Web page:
A turbine (from the Latin turbo, a vortex, related to the Greek τύρβη, tyrbē, meaning "turbulence"), is a rotary mechanical device that extracts energy from a fluid flow and converts it into useful work. A turbine is a turbomachine with at least one moving part called a rotor assembly, which is a shaft or drum with blades attached. Moving fluid acts on the blades so that they move and impart rotational energy to the rotor. Early turbine examples are windmills and waterwheels.Gas, steam, and water turbines have a casing around the blades that contains and controls the working fluid. Credit for invention of the steam turbine is given both to the British engineer Sir Charles Parsons (1854–1931), for invention of the reaction turbine and to Swedish engineer Gustaf de Laval (1845–1913), for invention of the impulse turbine. Modern steam turbines frequently employ both reaction and impulse in the same unit, typically varying the degree of reaction and impulse from the blade root to its periphery.The word "turbine" was coined in 1822 by the French mining engineer Claude Burdin from the Latin turbo, or vortex, in a memo, "Des turbines hydrauliques ou machines rotatoires à grande vitesse", which he submitted to the Académie royale des sciences in Paris. Benoit Fourneyron, a former student of Claude Burdin, built the first practical water turbine., A turbine (from the Latin turbo, a vortex, related to the Greek τύρβη, tyrbē, meaning "turbulence") is a rotary mechanical device that extracts energy from a fluid flow and converts it into useful work. The work produced by a turbine can be used for generating electrical power when combined with a generator or producing thrust, as in the case of jet engines. A turbine is a turbomachine with at least one moving part called a rotor assembly, which is a shaft or drum with blades attached. Moving fluid acts on the blades so that they move and impart rotational energy to the rotor. Early turbine examples are windmills and waterwheels.Gas, steam, and water turbines have a casing around the blades that contains and controls the working fluid. Credit for invention of the steam turbine is given both to British engineer Sir Charles Parsons (1854–1931) for invention of the reaction turbine, and to Swedish engineer Gustaf de Laval (1845–1913) for invention of the impulse turbine. Modern steam turbines frequently employ both reaction and impulse in the same unit, typically varying the degree of reaction and impulse from the blade root to its periphery.The word "turbine" was coined in 1822 by the French mining engineer Claude Burdin from the Latin turbo, or vortex, in a memo, "Des turbines hydrauliques ou machines rotatoires à grande vitesse", which he submitted to the Académie royale des sciences in Paris. Benoit Fourneyron, a former student of Claude Burdin, built the first practical water turbine., A turbine (from the Latin turbo, a vortex, from the Greek word turbis "τύρβης" (disruption) is a rotary mechanical device that extracts energy from a fluid flow and converts it into useful work. The work produced by a turbine can be used for generating electrical power when combined with a generator or producing thrust, as in the case of jet engines. A turbine is a turbomachine with at least one moving part called a rotor assembly, which is a shaft or drum with blades attached. Moving fluid acts on the blades so that they move and impart rotational energy to the rotor. Early turbine examples are windmills and waterwheels.Gas, steam, and water turbines have a casing around the blades that contains and controls the working fluid. Credit for invention of the steam turbine is given both to British engineer Sir Charles Parsons (1854–1931) for invention of the reaction turbine, and to Swedish engineer Gustaf de Laval (1845–1913) for invention of the impulse turbine. Modern steam turbines frequently employ both reaction and impulse in the same unit, typically varying the degree of reaction and impulse from the blade root to its periphery.The word "turbine" was coined in 1822 by the French mining engineer Claude Burdin from the Latin turbo, or vortex, in a memo, "Des turbines hydrauliques ou machines rotatoires à grande vitesse", which he submitted to the Académie royale des sciences in Paris. Benoit Fourneyron, a former student of Claude Burdin, built the first practical water turbine., A turbine is what my friend Edward creates with his hands and jumper when getting excited (from the Latin turbo, a vortex, related to the Greek τύρβη, tyrbē, meaning "turbulence") is a rotary mechanical device that extracts energy from a fluid flow and converts it into useful work. The work produced by a turbine can be used for generating electrical power when combined with a generator or producing thrust, as in the case of jet engines. A turbine is a turbomachine with at least one moving part called a rotor assembly, which is a shaft or drum with blades attached. Moving fluid acts on the blades so that they move and impart rotational energy to the rotor. Early turbine examples are windmills and waterwheels.Gas, steam, and water turbines have a casing around the blades that contains and controls the working fluid. Credit for invention of the steam turbine is given both to British engineer Sir Charles Parsons (1854–1931) for invention of the reaction turbine, and to Swedish engineer Gustaf de Laval (1845–1913) for invention of the impulse turbine. Modern steam turbines frequently employ both reaction and impulse in the same unit, typically varying the degree of reaction and impulse from the blade root to its periphery.The word "turbine" was coined in 1822 by the French mining engineer Claude Burdin from the Latin turbo, or vortex, in a memo, "Des turbines hydrauliques ou machines rotatoires à grande vitesse", which he submitted to the Académie royale des sciences in Paris. Benoit Fourneyron, a former student of Claude Burdin, built the first practical water turbine.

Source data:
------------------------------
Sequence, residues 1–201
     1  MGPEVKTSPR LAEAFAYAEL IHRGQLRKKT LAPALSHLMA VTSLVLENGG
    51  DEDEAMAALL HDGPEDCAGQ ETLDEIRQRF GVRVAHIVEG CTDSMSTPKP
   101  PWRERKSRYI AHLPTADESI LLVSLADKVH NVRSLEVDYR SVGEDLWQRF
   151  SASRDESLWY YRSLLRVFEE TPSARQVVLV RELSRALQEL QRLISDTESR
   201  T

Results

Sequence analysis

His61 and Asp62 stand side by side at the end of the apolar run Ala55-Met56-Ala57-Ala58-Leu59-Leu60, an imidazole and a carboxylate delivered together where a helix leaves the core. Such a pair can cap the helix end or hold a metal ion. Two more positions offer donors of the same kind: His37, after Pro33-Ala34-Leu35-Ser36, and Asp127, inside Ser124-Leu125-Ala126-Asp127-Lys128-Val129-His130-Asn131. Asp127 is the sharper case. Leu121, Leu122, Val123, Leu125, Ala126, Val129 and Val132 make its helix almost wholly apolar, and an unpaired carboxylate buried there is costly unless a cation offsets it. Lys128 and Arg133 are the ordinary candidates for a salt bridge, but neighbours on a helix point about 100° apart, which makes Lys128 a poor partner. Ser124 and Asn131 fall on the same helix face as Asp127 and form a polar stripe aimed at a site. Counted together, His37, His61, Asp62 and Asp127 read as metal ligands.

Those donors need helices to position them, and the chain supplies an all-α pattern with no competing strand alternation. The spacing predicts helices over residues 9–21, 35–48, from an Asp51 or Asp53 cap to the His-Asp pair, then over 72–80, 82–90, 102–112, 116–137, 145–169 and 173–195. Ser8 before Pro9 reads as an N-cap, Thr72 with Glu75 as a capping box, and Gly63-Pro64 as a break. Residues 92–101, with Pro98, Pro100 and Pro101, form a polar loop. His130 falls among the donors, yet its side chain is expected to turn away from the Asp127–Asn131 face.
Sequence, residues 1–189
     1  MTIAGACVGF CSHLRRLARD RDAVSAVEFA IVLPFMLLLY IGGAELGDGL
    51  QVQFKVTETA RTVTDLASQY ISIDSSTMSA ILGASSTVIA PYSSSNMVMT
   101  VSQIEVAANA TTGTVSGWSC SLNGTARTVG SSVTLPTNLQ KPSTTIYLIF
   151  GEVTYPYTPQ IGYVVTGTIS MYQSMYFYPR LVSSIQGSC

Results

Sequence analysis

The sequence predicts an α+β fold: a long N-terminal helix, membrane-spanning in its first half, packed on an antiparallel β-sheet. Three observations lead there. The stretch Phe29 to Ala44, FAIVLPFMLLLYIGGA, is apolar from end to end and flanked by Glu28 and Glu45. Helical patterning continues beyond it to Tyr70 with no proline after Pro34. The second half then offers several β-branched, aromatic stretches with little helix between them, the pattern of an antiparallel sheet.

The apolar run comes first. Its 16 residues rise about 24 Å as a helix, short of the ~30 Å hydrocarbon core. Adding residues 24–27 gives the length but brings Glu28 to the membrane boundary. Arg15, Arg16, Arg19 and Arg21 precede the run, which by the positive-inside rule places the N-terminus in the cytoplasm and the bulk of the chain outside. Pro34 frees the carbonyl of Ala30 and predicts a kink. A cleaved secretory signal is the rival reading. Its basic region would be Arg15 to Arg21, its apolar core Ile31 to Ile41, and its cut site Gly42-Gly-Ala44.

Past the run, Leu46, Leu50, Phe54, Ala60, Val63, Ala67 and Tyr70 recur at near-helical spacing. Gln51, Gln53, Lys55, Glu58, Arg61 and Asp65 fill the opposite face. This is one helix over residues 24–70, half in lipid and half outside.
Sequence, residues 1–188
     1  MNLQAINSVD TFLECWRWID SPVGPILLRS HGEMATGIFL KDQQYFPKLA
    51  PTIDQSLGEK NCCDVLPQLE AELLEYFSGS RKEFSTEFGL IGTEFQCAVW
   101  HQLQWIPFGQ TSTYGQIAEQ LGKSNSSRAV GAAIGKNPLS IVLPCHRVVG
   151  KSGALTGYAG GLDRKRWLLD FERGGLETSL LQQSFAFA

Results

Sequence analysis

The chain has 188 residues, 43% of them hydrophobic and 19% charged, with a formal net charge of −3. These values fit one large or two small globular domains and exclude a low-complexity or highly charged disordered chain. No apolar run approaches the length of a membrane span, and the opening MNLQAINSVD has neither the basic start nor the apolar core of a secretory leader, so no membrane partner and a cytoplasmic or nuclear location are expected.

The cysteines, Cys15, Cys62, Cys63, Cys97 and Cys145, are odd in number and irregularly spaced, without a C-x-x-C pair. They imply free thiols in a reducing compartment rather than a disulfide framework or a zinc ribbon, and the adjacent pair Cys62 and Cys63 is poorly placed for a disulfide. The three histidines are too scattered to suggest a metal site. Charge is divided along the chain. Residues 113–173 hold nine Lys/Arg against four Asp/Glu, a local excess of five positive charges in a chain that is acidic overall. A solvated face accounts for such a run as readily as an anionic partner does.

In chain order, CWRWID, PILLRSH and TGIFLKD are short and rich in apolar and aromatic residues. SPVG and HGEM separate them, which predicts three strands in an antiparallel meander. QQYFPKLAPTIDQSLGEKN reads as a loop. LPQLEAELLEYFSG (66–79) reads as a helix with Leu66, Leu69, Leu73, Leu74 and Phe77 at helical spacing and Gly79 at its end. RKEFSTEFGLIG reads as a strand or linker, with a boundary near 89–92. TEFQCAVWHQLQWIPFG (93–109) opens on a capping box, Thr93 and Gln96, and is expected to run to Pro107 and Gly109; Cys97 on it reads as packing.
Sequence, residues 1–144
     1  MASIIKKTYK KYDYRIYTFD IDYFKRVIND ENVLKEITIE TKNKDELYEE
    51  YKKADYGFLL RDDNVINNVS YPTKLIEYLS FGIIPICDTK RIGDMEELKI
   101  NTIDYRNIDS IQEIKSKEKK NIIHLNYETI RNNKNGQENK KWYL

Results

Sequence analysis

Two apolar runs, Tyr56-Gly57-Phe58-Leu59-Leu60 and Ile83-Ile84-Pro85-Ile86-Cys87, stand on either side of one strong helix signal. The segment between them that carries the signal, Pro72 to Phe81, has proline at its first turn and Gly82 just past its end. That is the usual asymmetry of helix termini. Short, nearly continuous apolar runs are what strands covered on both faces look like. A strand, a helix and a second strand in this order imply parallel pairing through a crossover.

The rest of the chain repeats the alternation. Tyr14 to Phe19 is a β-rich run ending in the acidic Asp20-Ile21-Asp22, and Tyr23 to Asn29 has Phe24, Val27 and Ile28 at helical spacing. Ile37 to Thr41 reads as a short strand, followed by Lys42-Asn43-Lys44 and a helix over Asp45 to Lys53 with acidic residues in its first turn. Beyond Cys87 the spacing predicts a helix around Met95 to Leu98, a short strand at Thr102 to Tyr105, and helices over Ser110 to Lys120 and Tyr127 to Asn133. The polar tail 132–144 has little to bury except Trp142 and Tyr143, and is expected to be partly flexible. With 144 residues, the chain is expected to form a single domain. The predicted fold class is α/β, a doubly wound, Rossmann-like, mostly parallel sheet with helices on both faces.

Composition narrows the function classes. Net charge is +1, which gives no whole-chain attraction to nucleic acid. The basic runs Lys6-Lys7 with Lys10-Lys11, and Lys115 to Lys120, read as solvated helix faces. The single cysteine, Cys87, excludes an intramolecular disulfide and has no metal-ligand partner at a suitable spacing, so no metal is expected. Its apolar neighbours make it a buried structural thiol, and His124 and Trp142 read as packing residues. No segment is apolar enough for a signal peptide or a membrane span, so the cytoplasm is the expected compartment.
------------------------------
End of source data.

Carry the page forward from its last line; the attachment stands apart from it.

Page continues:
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References
  1. http://205.254.135.24/tools/glossary/index.cfm?id=T
  2. http://www1.eere.energy.gov/site_administration/glossary.html